After five years of relentless conflict and human tragedy, the world has begun to sense the permanence of Syria’s refugee crisis. Those who have fled violence are unlikely to return home anytime soon. Instead of seeing the crisis through a purely humanitarian prism, focusing on aid and resettlement, host countries and international donors are now looking more at how to provide sustainable livelihoods and integrate Syrians into their host communities, in particular by bringing them into the workforce.
In countries like Turkey, which hosts some 2.7 million registered Syrian refugees, and Jordan, which hosts more than 650,000, creating a legal environment for Syrians to work is key. Responsibility does not fall just on host countries, but on the international community, including donors and their partners. At last week’s United Nations General Assembly, 193 countries adopted a set of nonbinding principles regarding the treatment of refugees and migrants, promising to work toward a 2018 “global compact on refugees.” More concrete results followed at a leaders’ summit called by U.S. President Barack Obama, where humanitarian aid pledges for Syria increased by $4.5 billion and resettlement options for refugees doubled to more than 360,000. Although these efforts are vital, it is really the ability to start a dignifying life elsewhere that will decide the long-term fate of Syrian refugees.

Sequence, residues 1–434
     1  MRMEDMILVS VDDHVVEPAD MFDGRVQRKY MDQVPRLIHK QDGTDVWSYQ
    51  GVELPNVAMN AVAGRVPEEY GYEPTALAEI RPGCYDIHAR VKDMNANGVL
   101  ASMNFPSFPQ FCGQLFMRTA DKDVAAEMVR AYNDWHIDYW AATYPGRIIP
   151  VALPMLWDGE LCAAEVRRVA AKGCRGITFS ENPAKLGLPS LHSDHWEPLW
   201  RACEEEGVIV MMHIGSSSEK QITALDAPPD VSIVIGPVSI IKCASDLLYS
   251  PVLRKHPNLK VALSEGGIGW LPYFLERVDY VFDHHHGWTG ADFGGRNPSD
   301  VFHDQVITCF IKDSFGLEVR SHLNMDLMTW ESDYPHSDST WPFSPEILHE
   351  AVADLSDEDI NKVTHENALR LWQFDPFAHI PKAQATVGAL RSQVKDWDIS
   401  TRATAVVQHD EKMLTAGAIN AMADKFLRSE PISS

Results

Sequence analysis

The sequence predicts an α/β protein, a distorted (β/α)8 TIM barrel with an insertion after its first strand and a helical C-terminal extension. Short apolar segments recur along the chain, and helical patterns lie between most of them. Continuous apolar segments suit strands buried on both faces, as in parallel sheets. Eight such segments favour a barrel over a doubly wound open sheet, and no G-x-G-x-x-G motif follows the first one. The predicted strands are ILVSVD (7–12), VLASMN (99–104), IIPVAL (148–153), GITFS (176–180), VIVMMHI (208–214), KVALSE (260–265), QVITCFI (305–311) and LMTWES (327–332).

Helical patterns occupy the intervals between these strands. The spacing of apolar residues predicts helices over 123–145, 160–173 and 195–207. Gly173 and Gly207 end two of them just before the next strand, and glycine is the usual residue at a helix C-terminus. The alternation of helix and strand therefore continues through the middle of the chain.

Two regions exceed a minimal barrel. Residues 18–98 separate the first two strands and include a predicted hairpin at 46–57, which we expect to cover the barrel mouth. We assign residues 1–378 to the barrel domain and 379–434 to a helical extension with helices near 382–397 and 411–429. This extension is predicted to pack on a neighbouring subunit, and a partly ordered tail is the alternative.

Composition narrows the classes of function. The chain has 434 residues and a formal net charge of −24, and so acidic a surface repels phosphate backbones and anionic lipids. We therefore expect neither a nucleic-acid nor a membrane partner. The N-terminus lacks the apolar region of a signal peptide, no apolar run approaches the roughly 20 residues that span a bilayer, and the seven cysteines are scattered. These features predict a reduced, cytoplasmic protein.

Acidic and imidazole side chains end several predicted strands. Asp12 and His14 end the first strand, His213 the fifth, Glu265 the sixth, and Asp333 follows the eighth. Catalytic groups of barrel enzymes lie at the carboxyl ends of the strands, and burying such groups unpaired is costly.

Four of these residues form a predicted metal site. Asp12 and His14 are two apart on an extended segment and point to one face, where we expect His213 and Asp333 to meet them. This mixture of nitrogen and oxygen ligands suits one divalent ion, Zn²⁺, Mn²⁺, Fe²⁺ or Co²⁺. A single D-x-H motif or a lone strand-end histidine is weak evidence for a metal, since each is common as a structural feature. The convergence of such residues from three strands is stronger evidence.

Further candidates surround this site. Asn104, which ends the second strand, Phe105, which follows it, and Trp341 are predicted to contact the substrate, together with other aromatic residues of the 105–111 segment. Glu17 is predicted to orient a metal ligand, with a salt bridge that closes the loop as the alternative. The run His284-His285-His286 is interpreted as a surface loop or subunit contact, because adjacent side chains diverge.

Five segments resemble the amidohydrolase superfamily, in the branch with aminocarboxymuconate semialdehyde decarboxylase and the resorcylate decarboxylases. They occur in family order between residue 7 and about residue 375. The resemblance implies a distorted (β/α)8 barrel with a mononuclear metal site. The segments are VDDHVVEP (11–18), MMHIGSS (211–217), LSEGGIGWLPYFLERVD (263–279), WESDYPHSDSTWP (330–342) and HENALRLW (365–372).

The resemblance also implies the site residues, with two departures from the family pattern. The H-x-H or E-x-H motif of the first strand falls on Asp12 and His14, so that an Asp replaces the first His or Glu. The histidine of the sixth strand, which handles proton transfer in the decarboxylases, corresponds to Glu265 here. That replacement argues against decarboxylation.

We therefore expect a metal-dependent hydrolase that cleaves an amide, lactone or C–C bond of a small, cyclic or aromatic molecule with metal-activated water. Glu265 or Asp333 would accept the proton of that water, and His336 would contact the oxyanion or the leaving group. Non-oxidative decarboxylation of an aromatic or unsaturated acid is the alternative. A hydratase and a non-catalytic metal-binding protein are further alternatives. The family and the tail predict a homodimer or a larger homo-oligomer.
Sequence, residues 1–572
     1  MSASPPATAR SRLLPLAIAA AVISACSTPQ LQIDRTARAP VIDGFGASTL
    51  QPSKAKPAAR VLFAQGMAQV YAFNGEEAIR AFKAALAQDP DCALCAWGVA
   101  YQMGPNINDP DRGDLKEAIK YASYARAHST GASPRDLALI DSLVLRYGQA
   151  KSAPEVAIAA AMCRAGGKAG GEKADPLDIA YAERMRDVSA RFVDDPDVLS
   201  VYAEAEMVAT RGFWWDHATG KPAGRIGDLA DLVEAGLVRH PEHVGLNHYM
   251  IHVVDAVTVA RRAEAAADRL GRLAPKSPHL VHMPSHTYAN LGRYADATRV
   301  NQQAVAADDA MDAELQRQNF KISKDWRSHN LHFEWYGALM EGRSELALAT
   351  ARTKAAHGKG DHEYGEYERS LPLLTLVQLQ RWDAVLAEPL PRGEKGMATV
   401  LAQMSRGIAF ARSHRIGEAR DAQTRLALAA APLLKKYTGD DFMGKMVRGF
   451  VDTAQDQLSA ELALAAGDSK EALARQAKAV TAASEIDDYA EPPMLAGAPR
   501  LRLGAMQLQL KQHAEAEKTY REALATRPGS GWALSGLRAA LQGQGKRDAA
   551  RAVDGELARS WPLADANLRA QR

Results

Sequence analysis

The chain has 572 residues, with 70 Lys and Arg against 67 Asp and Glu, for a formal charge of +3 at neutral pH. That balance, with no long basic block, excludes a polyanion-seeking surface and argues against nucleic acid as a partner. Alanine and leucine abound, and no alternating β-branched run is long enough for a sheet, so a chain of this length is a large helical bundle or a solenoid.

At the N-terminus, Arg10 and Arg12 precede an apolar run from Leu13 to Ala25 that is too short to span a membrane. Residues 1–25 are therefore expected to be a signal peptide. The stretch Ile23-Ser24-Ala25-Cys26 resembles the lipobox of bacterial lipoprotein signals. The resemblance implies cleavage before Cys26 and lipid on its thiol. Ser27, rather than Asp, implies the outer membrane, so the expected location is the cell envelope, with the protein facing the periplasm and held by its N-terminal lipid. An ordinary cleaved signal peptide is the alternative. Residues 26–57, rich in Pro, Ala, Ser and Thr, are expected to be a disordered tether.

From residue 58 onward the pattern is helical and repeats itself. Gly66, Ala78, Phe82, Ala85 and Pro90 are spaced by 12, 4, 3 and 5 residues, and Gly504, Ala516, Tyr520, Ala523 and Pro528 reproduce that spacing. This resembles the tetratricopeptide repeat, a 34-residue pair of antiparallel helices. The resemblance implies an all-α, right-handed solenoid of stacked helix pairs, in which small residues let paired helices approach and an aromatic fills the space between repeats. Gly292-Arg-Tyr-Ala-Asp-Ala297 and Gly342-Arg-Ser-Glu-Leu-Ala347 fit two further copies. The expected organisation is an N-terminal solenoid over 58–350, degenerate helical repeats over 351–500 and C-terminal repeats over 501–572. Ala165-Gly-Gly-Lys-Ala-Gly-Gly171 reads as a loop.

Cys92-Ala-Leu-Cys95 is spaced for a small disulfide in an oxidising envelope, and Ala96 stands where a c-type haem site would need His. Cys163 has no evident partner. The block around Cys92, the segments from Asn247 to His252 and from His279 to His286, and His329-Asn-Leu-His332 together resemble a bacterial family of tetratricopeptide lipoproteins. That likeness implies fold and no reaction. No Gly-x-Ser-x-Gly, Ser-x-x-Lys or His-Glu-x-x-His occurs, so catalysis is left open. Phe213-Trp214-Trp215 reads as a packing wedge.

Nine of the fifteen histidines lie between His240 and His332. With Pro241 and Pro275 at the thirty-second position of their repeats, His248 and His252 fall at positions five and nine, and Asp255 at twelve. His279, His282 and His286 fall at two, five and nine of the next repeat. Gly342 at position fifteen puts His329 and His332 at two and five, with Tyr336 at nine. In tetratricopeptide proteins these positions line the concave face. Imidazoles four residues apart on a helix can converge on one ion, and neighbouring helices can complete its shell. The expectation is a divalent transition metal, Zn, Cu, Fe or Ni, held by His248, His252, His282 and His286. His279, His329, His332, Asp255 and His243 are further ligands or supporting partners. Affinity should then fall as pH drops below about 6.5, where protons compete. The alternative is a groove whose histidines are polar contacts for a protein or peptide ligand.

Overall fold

The issue is not that Syrians who want to work are unable to. In Jordan and Turkey, despite the existence of large refugee camps, up to 90 percent of Syrians live in urban communities. Merging into city life, Syrian men often find some form of employment in both countries’ vast informal sectors, working in agriculture, textiles and construction or opening small, unlicensed shops. Only a fraction of Syrian refugee women work.